In recent weeks, there have been a number of decisions highlighting the complexities surrounding residence in the UK
All of the decisions, including the well-known Court of Appeal case involving Robert Gaines-Cooper, have been decided in favour of H M Revenue & Customs (HMRC). As a result, HMRC is likely to increase its scrutiny of those situations which concern residency.
A person’s residency status is relevant for UK for tax purposes. For example, under UK legislation individuals living outside the UK will be regarded as UK resident if they regularly visit the UK for a period exceeding 90 days in each tax year, on average, for four consecutive tax years. Therefore, if an individual’s visits do not exceed 90 days per tax year, they are generally not regarded, for tax purposes, as being resident in the UK.
This case involved a British national, Mr Gaines-Cooper, a businessman with assets in the UK and Seychelles. Mr Gaines-Cooper claimed that he had been living in the Seychelles since 1976 and therefore was not, and could not be considered to be, resident in the UK. Mr Gaines-Cooper was careful not to spend more than 90 days on average in the UK in each tax year, in order to fall within the non-resident exemption noted above. Mr Gaines-Cooper’s position was based on HMRC’s residency guidance booklet IR 20 (although this guidance has, from 2009, been replaced by booklet HMRC6).
The Court of Appeal ruled that Mr Gaines-Cooper had not severed his ties with the UK and therefore, irrespective of not spending more than 90 days in the UK on average during each tax year, he should be regarded as UK resident. The Court ruled that Mr Gaines-Cooper maintained close ties with the UK and the centre of gravity of his life and interests remained in the UK. The Court considered that Mr Gaines-Cooper had never made a ‘distinct break’ with the UK when he moved to the Seychelles in 1976 and had continued to live his life in the same way in which he did before he moved.
The Court noted that HMRC had not changed its policy in this area but was effecting ‘closer and more rigorous scrutiny and policing of the growing numbers of claims’.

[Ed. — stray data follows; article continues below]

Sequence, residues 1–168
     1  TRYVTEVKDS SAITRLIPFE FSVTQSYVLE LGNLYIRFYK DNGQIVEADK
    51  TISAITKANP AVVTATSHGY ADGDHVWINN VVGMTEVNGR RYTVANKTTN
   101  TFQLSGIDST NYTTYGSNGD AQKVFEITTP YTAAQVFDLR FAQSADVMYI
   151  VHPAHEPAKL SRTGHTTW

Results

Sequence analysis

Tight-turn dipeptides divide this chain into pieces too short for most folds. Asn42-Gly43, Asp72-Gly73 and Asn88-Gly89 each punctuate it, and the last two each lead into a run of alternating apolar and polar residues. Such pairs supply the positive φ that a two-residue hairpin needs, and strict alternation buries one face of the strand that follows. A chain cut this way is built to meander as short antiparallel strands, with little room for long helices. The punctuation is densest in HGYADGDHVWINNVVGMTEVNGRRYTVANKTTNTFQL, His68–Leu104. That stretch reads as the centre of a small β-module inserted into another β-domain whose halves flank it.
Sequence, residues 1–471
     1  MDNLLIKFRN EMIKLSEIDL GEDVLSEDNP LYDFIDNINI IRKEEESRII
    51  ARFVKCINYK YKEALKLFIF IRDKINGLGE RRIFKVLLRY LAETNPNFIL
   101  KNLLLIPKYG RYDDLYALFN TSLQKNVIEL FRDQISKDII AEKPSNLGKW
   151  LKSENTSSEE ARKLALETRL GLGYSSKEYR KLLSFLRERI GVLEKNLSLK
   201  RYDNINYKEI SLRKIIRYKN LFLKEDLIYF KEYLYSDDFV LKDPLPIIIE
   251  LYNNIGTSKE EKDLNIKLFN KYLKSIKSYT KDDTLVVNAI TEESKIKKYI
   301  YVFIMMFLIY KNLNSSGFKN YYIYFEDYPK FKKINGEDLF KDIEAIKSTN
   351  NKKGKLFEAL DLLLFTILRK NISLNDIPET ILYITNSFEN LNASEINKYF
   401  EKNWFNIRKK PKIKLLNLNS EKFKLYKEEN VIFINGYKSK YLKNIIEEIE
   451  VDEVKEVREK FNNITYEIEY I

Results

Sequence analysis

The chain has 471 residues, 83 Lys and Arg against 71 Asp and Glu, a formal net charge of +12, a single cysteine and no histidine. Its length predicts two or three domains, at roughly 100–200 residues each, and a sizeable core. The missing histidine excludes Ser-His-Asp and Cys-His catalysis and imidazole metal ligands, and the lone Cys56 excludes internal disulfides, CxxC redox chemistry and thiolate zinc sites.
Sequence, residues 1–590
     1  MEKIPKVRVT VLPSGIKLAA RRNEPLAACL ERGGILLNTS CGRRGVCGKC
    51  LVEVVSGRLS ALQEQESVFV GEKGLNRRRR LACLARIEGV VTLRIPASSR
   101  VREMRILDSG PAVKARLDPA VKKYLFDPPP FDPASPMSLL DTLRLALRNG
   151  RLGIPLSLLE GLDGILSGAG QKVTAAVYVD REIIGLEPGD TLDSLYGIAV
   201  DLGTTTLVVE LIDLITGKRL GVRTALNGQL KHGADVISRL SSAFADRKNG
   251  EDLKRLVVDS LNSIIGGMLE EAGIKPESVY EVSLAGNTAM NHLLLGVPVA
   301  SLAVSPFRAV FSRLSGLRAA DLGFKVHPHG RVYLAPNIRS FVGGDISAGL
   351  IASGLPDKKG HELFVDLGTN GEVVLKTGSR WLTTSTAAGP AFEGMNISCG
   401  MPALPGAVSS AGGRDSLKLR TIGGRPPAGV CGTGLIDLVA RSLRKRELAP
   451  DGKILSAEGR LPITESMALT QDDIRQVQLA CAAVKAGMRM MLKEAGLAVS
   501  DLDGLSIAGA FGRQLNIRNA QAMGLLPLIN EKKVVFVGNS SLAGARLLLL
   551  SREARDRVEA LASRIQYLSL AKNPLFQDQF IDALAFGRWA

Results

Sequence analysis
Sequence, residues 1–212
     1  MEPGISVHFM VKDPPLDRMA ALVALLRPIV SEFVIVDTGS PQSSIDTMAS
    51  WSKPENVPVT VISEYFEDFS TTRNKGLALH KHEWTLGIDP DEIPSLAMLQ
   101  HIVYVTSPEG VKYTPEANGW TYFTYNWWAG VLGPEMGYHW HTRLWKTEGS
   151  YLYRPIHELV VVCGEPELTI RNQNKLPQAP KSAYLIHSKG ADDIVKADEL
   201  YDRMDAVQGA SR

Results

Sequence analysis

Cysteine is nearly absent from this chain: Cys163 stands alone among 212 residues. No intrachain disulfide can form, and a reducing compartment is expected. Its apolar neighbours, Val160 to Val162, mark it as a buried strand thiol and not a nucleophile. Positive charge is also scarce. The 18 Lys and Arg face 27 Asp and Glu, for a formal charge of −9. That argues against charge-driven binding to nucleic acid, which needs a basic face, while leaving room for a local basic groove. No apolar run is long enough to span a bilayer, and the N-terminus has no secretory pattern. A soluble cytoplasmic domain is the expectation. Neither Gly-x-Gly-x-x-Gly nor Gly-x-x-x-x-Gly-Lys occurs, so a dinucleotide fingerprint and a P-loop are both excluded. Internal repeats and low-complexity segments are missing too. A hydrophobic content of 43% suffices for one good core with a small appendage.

Another recent case involving residency considered the concept of ordinary residence.
Individuals may become UK resident but if they are not likely to stay in the UK for a period of more than 3 years, they will generally be regarded as not ‘ordinarily resident’. A UK resident who is not also ordinarily resident can request to be taxed on his UK earnings only and will only be subject to UK tax on earnings and gains arising outside the UK where these are remitted to the UK.
Dr Tuczka, an Austrian national working in the UK as an investment banker, had initially planned to stay in the UK for less than 3 years but ended up staying longer. The court ruled that Dr Tuczka remained in the UK for a settled purpose, namely his employment, and had adopted a pattern of living which continued. However, rather than finding that Dr Tuczka became ordinarily resident after the third anniversary of his arrival (which is normal practice as set out in HMRC booklet IR20), the court considered that Dr Tuczka should be regarded as ordinarily resident from the earliest year in which his pattern of continuous living in the UK was established.
HMRC has a period of six tax years in which to review a person’s tax affairs. Such reviews could include cases where individuals have claimed to have left the UK but who are still making regular visits back (as in Gaines-Cooper). Individuals coming to the UK should be aware of the court’s finding in Tuczka which could result in them becoming ordinarily resident far earlier than anticipated. The decision in Tuczka seems to suggest that anyone who expects to be in the UK for a period of less than 3 years at the outset, but who ends up staying longer, may be at risk of challenge from HMRC where they have requested to be subject only to UK tax on a remittance basis. If a pattern of continuous living can be established, individuals may be considered by HMRC to be ordinarily resident and hence subjected to more onerous levels of UK tax far sooner than originally envisaged. Such a finding by HMRC could also have an impact for their employers.